Our initial decision was to give Assisi a miss, for forewarned is forearmed, as they say:
Be warned: this is the third most visited pilgrimage site in Italy (after St. Peter’s in Rome and Padre Pio’s shine in Puglia), meaning often impenetrable crowds in the main visitor hotspots. [Rough Guide to Tuscany & Umbria]
But, after viewing frescoes by Da Volterra in Rome, Fra Filippo Lippi in Spoleto, and Benozzo Gozzoli’s St. Francis cycle in Montefalco, it seemed preposterous to miss out on Giotto’s* St. Francis cycle in St. Francis’s home town. We’re pleased to report that, while the streets were gently “peopled,” we didn’t encounter crowds.
Ironically, the 1939 designation of St. Francis as a patron saint of Italy, and accompanying religious and other tourism, appears to have saved Assisi from unending decline. In the 15th century,
A climax of evils came when, in addition to a hundred other ills, the Baglioni of Perugia took upon themselves to interfere. . . . [and] lay siege to Assisi, and perpetual skirmishes took place in the plain, which sapped the life-blood of the citizens and laid waste the Umbrian country for many miles around. The peasants, whose grain had been trampled down by the Baglioni, were driven half-naked into the woods . . .
Once the gates of Assisi were forced open, the Baglioni and their bravi scoured the streets from end to end, killing all they encountered, and dragging from the churches the poor women who sought shelter and protection. . . . “The poor city of Assisi” [a] letter says, “has known only sorrow through the perpetual raids of the Baglioni, whose many crimes would be condemned even by the infidel Turks. . . . They do not shudder to murder men, cook their flesh, and give it to the relations of the slain to eat in their prison dungeons.” [Lady Lucie Duff Gordon, The Story of Assisi, pp. 32-35]
Walking among the peaceable Giotto frescoes in the Basilica Papale di San Francesco, it was difficult to imagine this history—and difficult, also, to imagine more recent devastation to the church caused by earthquakes in 1997.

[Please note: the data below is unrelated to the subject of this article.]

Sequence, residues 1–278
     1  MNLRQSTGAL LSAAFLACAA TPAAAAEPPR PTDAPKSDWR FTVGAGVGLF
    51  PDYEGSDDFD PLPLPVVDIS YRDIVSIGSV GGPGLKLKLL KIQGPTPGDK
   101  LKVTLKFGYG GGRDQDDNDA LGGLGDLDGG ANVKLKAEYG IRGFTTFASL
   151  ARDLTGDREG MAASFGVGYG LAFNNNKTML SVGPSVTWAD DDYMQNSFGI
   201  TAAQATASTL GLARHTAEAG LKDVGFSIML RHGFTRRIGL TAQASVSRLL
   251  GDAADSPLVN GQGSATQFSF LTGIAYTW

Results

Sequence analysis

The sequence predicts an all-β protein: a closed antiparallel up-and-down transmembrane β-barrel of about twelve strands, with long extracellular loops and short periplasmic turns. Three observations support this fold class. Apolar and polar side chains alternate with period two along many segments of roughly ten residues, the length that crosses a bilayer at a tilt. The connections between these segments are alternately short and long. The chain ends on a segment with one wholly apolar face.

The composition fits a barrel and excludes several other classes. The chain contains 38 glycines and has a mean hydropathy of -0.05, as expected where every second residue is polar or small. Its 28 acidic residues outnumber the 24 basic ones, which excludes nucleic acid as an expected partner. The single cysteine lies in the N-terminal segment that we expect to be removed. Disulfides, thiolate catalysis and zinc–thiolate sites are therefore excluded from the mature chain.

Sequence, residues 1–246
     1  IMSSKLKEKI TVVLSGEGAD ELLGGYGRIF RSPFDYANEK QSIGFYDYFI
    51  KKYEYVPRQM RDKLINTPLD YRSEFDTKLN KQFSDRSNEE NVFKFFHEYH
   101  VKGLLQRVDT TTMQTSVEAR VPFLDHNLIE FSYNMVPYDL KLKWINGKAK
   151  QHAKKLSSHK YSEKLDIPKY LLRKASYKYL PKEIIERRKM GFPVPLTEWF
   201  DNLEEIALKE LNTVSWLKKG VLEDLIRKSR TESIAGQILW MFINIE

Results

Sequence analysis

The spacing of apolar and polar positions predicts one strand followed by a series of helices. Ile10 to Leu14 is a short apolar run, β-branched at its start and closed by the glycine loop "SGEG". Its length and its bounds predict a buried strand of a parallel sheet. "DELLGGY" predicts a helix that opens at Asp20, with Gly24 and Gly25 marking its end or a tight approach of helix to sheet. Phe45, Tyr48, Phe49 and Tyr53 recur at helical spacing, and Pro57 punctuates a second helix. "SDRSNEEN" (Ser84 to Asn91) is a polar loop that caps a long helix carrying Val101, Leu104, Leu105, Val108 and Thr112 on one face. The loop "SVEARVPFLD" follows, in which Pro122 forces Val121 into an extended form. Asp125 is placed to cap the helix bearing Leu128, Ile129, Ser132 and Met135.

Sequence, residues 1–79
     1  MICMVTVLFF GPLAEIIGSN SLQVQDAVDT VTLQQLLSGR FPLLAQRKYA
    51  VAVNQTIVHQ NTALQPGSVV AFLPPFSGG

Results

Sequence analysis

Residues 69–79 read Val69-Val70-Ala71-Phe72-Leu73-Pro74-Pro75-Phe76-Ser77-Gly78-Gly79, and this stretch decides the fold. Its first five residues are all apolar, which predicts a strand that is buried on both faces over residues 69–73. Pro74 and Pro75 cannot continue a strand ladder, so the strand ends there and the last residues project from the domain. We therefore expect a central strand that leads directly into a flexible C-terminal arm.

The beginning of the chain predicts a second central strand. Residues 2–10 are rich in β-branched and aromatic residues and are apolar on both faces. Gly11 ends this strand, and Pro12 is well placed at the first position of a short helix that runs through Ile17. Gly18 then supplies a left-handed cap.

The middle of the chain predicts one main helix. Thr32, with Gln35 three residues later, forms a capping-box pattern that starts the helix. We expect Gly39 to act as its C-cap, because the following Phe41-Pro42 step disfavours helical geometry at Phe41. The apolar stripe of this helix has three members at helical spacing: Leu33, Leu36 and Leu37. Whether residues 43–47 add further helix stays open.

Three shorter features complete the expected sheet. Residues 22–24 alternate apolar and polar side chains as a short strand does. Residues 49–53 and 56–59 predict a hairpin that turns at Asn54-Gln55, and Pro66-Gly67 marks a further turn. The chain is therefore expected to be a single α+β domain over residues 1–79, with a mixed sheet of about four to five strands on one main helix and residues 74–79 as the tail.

Two earthquakes hit central Italy with a one-two punch today, killing at least 10 people and sending parts of the vaulted inner roof of the Basilica of St. Francis of Assisi crashing to the ground, damaging the 13th-century frescoes on its walls and ceiling. . . .
Two Franciscan friars and two surveyors from the Culture Ministry who were in the basilica assessing damage from the earlier earthquake were killed by the falling rubble, which piled up nearly 10 feet high.
The basilica, many art historians say, is where Italian painting was born. With works by Cimabue, Giotto, Pietro Lorenzetti and Simone Martini, it contains the most important and extensive early Renaissance decorative cycles in Italy outside the Sistine Chapel. . . .
The two quakes were the most serious to hit Italy since the devastating earthquake of 1980, which registered 6.8 on the Richter scale and killed 2,570 people near Naples. [cite]
Photographs aren’t permitted in the Basilica, so I have to make do with some available on line. Be warned: They don’t begin to do justice to the delicate luminosity of the frescoes as we saw them in situ. As small compensation, I can offer street scenes, including discovery of a pastry specific to the area, rocciata di Assisi, that I can attest was delicious.
Franz Liszt, Legende No. 1: St François d’Assise, La prédication aux oiseaux S.175 (1862-63), performed by Stephen Hough
*There has been a dispute in recent times over whether the Giotto frescoes are truly Giotto’s. The “modern consensus” seems to be that most of them are. [Rough Guide]
The sources for quotations may be found at the links in the text. The source for images from the Giotto Assisi cycle is here. The source for the Lorenzetti Crucifixion is here, and for The Last Supper is here. The source of the image of the ceiling collapse is here. The remainder of the photographs, as always on the blog unless otherwise indicated, are mine.